I made a lengthier case in a column that ran a couple of months ago, which you can read here.
Marriages in the past were no lengthier, but were divided by death, not divorce.
The first half of The 20/20 Experience was released in March, and sold almost three times as many units as its lengthier sequel.
The novel has a lengthier storyline, a more intricate plot, and more characterization.
The tenth case, which requires a lengthier or more painstaking hearing, is brought to the board.
He suggested that perhaps Miss Tancred proposed to make a lengthier stay on the Continent than had been surmised.
She is well worth the lengthier consideration which will be given her in later pages.
The learned, of course, after their wont, know him by a lengthier and more imposing name.
The nights drew in closer yet, and with their lengthier darkness deepened the shadows round the lives of all our characters.
lengthier topics, too, were occasionally dealt with in those columns in the form of serial articles.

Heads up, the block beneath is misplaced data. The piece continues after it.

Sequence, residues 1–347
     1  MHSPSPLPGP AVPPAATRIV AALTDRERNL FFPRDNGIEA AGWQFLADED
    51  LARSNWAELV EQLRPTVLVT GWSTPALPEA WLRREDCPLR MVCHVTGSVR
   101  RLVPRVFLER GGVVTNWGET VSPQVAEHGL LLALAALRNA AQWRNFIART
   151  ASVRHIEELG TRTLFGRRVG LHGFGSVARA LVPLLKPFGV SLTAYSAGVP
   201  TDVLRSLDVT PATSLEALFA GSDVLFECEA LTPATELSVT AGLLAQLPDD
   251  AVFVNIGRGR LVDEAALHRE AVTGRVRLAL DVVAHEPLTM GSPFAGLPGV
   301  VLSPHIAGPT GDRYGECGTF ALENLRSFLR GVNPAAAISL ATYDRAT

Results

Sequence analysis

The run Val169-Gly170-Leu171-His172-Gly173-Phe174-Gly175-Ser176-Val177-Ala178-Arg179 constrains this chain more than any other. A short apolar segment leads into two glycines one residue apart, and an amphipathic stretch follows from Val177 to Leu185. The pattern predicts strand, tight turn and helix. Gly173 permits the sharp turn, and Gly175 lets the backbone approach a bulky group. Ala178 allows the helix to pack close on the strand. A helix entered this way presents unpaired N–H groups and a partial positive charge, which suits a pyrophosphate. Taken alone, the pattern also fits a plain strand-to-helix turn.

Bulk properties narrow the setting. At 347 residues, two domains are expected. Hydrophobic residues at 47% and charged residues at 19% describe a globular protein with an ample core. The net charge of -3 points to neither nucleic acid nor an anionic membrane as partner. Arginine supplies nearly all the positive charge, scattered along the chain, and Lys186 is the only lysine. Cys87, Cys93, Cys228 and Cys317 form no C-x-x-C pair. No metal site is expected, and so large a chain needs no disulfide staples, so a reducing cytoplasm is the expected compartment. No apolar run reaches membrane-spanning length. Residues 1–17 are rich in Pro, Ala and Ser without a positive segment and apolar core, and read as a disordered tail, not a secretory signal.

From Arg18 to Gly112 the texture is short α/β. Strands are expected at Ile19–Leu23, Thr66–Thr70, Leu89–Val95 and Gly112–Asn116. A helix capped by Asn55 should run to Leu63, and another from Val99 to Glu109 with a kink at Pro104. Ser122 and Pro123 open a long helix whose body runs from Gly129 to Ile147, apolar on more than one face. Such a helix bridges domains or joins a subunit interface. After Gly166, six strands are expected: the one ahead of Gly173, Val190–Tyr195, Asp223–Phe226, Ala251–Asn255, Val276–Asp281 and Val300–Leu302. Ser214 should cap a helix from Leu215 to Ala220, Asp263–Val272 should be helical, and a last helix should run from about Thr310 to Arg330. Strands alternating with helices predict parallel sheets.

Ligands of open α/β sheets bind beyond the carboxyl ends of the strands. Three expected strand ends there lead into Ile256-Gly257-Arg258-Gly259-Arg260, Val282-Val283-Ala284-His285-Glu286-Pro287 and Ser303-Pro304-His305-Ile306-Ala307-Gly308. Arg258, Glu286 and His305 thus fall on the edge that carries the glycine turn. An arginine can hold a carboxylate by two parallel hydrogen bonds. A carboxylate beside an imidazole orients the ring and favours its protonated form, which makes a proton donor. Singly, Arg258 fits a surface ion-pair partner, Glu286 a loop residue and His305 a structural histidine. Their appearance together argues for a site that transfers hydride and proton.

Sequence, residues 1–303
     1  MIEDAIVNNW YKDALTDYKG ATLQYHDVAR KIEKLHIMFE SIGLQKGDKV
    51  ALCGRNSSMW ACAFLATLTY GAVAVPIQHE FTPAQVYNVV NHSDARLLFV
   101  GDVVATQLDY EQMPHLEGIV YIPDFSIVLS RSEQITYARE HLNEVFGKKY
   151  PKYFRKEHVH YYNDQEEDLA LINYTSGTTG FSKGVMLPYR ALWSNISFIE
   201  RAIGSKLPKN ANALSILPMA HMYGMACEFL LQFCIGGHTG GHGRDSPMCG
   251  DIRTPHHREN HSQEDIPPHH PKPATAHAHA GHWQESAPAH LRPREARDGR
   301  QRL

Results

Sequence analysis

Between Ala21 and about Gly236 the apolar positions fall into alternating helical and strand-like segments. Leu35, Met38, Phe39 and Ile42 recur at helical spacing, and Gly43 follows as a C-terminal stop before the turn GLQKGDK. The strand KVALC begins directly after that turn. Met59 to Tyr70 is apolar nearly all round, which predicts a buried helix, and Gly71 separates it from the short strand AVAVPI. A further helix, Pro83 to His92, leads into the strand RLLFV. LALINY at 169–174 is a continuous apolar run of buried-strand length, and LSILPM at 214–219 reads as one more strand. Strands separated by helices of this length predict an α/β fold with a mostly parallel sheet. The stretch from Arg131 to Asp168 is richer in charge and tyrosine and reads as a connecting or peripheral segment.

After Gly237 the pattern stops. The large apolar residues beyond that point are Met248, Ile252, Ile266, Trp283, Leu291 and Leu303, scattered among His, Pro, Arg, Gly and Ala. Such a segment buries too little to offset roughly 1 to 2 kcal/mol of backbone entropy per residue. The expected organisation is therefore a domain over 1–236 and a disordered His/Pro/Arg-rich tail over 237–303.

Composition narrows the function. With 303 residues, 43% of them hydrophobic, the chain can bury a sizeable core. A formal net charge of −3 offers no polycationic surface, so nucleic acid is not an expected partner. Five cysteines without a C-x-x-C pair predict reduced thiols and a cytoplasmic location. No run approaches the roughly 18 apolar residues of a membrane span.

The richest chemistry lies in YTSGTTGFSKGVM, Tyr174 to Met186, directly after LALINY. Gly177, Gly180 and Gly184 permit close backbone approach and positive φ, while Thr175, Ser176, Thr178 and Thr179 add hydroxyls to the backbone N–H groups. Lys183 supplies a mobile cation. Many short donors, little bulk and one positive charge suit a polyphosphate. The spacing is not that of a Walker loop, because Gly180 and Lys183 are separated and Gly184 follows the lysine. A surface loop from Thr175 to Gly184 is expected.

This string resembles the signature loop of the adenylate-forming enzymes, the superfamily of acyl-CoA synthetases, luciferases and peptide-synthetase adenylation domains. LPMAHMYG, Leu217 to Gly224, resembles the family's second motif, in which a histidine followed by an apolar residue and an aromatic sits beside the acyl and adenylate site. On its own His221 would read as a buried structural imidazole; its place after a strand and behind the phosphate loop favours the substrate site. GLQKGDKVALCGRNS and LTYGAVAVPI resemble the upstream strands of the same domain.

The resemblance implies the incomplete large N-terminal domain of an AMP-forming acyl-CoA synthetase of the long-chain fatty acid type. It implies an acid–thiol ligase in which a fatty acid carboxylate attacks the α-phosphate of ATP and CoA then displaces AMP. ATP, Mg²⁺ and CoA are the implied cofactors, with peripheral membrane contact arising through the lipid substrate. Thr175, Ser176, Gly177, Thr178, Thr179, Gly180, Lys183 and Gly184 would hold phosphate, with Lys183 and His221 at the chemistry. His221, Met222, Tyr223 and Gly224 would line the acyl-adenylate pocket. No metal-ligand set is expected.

This word has been very common among us, both in writing and in the language of conversation; but it has been so much ridiculed by Americans as well as Englishmen, that in writing it is now generally avoided. Mr. Webster has admitted it into his dictionary; but as need hardly be remarked it is not in any of the English ones. It is applied by us, as Mr. Webster justly observes, chiefly to writings or discourses. Thus we say, a lengthy pamphlet, a lengthy sermon, &c. The English would say, a long or (in the more familiar style) a longish sermon. [John Pickering, "A Vocabulary, or Collection of Words and Phrases Which Have Been Supposed to be Peculiar to the United States of America," Boston, 1816]Related: Lengthily; lengthiness.